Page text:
After a century of battles, massacres and plagues, an estimated one million to two million indigenous inhabitants remained.   

“The demographic catastrophe of the conquest is clear,” he said.   

Mexico, which gained independence in 1821, has a complicated relationship with its colonial past.

The nation is the product of “mestizaje,” the mixing of the Old and New Worlds. But it is a history tainted by violence, rape and oppression.   

The angry reaction in Spain to Lopez Obrador's comments indicates the past is still problematic there, too, said Meyer.   

“I don't understand the virulence of the Spanish response,” he said.   “It shows Spain hasn't gotten over it, either.”   

Other historians said there was no point in Spain and Mexico fighting over the past.

As author Francisco Martin Moreno told TV network MVS, Spain and Mexico “didn't even exist as such” 500 years ago.

By AFP's Yussel Gonzalez 

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Denmark apologises to children taken from Greenland in 1950s

Denmark's government has formally apologised to the 22 Greenlanders who were moved to Denmark and cut off from their families in the 1950s in an attempt to bridge the cultural gap between the Scandinavian country and its then-colony.

Denmark apologises to children taken from Greenland in 1950s
Helene Thiesen, who was taken by Denmark from her family in Greenland in 1951, here pictured in 2016. Photo: Nikolai Linares/Ritzau Scanpix

In 1951, 22 children were chosen to be moved to Denmark from Greenland, which until 1953 was a Danish colony.

They were promised a better life in Denmark with the goal of them later returning to Greenland, as assimilated Danes, to form a future elite which could serve as a link between Copenhagen and Greenland's capital Nuuk.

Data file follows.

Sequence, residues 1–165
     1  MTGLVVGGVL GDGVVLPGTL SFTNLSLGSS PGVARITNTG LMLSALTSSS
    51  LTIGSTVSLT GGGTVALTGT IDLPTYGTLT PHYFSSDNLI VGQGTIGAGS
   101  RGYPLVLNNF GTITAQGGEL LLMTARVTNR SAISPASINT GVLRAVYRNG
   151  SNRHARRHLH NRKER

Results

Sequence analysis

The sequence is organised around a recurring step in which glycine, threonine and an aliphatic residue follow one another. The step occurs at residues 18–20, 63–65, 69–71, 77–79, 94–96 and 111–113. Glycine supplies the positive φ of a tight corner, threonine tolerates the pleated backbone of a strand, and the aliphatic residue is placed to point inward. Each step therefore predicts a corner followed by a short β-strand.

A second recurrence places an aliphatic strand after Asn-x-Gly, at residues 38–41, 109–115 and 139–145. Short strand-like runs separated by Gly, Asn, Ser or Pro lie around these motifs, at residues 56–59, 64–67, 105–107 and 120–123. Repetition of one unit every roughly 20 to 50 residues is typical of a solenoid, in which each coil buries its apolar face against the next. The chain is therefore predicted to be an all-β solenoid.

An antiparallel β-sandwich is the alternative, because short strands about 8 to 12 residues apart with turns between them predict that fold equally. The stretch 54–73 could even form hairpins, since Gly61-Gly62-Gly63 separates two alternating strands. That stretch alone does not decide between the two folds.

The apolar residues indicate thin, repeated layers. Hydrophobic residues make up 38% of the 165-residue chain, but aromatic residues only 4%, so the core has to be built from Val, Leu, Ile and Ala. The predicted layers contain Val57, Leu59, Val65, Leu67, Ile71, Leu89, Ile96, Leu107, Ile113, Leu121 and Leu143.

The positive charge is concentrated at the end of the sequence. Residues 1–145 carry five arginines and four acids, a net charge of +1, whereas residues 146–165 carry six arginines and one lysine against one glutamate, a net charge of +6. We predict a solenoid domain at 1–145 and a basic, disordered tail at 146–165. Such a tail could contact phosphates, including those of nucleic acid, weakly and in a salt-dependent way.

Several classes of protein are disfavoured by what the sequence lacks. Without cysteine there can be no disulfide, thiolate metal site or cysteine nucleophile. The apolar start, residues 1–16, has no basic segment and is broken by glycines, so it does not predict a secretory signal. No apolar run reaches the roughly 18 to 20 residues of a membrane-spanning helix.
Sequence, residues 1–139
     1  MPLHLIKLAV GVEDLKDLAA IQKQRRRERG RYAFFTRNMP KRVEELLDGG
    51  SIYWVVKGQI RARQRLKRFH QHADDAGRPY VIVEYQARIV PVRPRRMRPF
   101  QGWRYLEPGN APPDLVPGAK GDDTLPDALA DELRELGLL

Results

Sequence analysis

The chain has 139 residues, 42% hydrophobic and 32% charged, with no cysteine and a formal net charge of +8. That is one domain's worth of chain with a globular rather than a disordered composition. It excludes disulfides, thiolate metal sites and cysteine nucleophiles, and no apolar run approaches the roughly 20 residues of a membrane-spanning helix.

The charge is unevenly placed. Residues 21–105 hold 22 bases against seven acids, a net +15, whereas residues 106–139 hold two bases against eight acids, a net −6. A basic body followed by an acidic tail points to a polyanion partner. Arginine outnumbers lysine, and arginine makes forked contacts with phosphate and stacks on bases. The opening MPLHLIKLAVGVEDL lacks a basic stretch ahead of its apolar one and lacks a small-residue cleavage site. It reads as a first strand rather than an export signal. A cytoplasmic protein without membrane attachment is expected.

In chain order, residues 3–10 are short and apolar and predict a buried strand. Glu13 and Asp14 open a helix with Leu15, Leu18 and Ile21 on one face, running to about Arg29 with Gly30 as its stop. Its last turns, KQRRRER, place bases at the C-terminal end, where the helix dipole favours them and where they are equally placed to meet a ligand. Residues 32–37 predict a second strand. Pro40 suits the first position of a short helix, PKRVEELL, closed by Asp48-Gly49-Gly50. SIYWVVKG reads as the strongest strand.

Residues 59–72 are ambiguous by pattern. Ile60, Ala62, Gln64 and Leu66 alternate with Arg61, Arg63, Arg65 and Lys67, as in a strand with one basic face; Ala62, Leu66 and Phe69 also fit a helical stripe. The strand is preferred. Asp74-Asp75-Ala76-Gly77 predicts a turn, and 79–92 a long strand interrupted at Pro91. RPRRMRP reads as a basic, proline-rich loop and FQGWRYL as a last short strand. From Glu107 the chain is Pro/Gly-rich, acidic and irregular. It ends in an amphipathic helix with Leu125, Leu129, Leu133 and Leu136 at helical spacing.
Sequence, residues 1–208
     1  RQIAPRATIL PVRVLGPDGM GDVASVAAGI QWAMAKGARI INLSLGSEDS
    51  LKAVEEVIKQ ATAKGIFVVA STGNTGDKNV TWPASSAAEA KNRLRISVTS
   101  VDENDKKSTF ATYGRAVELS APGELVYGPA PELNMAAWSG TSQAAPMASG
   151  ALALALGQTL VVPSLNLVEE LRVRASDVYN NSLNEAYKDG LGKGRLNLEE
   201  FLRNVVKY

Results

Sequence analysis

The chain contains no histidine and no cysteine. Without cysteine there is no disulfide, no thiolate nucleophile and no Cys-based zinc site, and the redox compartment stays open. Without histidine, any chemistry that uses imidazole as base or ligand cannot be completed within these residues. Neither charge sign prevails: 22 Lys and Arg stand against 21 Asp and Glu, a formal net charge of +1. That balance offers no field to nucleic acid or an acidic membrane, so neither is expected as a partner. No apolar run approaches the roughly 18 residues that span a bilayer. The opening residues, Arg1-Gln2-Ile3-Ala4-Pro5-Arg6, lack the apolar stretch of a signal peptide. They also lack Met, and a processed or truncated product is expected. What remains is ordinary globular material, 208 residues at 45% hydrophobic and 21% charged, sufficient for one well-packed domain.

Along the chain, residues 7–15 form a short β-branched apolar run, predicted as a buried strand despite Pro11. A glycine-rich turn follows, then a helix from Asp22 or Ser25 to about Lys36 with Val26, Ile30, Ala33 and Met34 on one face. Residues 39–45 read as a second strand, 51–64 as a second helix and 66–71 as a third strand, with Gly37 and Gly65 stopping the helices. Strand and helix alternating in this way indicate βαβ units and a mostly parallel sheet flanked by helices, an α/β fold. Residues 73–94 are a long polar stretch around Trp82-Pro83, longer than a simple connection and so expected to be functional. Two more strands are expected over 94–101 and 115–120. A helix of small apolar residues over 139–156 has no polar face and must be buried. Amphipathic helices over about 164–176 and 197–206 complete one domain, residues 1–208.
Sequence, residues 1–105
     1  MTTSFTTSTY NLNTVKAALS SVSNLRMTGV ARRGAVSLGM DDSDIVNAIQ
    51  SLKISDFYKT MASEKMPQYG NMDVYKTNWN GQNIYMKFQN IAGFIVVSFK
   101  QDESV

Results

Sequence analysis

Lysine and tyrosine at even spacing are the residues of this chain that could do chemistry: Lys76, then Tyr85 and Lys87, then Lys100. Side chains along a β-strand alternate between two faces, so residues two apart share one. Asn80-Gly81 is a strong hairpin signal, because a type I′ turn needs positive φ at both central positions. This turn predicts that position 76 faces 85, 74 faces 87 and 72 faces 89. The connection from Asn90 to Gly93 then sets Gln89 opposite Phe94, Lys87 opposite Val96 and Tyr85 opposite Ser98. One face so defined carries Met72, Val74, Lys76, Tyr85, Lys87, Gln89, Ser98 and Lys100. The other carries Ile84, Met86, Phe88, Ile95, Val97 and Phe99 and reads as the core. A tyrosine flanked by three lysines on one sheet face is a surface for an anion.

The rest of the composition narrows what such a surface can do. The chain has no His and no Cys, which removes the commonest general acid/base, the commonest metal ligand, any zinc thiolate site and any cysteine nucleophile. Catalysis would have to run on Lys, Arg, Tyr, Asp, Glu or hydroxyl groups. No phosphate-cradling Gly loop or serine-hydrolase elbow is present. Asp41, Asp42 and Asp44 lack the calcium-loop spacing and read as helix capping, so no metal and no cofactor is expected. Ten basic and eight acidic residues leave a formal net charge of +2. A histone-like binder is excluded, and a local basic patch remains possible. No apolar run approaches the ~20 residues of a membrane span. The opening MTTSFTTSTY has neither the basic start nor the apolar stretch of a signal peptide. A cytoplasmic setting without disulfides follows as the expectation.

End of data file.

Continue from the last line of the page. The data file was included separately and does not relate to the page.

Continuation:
In Denmark, the children were deprived of contact with relatives and once they returned to Greenland they were not reunited with their parents but instead put in an orphanage. Many of them would never see their families again.

“We cannot change what happened. But we can take responsibility and apologise to those we should have cared for but failed to do,” Prime Minister Mette Frederiksen said in a statement.

“I have been following the case for many years and I am still deeply touched by the human tragedies it contains,” said Frederiksen, who has sent a letter to each of the six children who are still alive.

One of them, Helene Thiesen, who was seven years old at the time she left for Denmark, said she was comforted by the apology.

“I am relieved that the apology has finally been delivered. It is really, really important. It means everything. I've been fighting for this since 1998,” she told the news agency Ritzau.

The official apology follows the publishing of a study which examined the fates of the children.

Greenland's Prime Minister Kim Kielsen was quoted in the government statement saying that he was moved as he learned of the plight of the children and reflected on how “cooperation between Denmark and Greenland has developed a lot. Today we are equals, looking back on history together”.

The massive Arctic territory of Greenland, now an autonomous territory within the kingdom of Denmark, has said that full independence is in the future, though no timetable has been set.

Greenland still relies on Denmark for state functions like maintaining the currency, foreign relations and defence policy, and separating would mean the loss of an annual subsidy of some 480 million euros or 60 percent of its budget.

READ ALSO: Glacial 1991 day in Greenland belatedly sets Arctic cold record